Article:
In Canada, Montreal (Quebec) is home to a very well developed indie scene, merging influences from France, the UK, and the United States in one city. In 2004, Pitchfork Media and Spin Magazine dubbed Montreal as North America's "Next Big Scene", due to bands such as Arcade Fire, The Unicorns, Land of Talk, Islands, Godspeed You! Black Emperor, The Stills, The Dears, The Besnard Lakes, Kiss Me Deadly, Wolf Parade, and Stars.

Wikipedia said...

Tindersticks are a rock band from Nottingham, England. Their sound is characterised by a synthesis of orchestral backing, lounge jazz, and soul; the lush orchestrations of multi-instrumentalist Dickon Hinchliffe and the smoky baritone of lead vocalist Stuart Staples are the band's hallmarks. Tindersticks have employed electric guitars, as most rock bands have done, but augment their instrumentation with a wide array of instruments: Rhodes piano, glockenspiel, vibraphone, violin, trumpet, trombone, clarinet, bassoon, Hammond organ, and many more are prominently utilised in the music of Tindersticks. The band has a cult following in the United Kingdom and continental Europe, although the eclectic and unique sound Tindersticks possesses never made significant inroads in the mainstream.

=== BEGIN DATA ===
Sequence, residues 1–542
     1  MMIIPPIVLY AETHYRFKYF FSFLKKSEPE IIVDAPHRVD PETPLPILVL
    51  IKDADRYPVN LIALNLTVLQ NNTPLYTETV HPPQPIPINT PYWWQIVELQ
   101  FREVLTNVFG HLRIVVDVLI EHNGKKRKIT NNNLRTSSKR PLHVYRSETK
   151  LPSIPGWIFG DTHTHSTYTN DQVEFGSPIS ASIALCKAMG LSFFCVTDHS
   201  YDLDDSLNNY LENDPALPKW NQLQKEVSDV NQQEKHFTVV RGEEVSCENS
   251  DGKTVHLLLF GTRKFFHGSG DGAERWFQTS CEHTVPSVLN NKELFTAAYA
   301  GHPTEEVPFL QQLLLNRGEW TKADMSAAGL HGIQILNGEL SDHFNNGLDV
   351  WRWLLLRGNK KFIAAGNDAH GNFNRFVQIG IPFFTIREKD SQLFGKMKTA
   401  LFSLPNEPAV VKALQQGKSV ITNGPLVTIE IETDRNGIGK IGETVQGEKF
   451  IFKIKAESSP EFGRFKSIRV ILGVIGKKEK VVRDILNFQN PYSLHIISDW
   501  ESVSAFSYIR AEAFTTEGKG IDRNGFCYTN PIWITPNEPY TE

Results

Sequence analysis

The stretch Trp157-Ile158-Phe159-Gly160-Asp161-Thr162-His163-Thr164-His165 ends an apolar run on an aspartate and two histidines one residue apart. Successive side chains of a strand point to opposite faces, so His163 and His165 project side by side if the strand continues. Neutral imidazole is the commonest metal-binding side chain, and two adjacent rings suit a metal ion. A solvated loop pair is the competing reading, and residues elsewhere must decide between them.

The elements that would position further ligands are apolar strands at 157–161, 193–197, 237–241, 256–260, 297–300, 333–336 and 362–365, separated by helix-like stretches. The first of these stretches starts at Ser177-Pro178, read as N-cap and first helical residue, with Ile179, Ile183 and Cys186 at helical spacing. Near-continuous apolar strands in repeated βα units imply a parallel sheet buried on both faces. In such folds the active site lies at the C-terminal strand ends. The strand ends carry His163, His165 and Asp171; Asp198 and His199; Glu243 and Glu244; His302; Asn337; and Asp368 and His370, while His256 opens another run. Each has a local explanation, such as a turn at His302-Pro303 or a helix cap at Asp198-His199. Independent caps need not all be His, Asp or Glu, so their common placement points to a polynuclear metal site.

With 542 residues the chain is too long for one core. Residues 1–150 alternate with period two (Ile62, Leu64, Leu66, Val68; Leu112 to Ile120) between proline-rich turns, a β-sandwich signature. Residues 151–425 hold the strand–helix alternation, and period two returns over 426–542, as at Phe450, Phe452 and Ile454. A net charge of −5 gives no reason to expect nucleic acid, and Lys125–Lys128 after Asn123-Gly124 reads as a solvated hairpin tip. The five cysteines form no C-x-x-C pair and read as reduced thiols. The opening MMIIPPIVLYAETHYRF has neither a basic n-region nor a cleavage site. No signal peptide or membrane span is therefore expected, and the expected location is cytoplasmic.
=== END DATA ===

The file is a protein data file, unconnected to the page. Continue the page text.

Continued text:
Tinderstick's Genre: Alternative - Independent

bethnoir said...

As someone who discovered them through a 'sounds like Nick Cave' review about fifteen years ago (and my first RR was 'She's Gone' a few years ago), I've never thought of them as indie, but thanks glasshalfempty for posting and putting up that song, after the last couple of albums by them I was wondering if I wanted the new one, but I do now :-)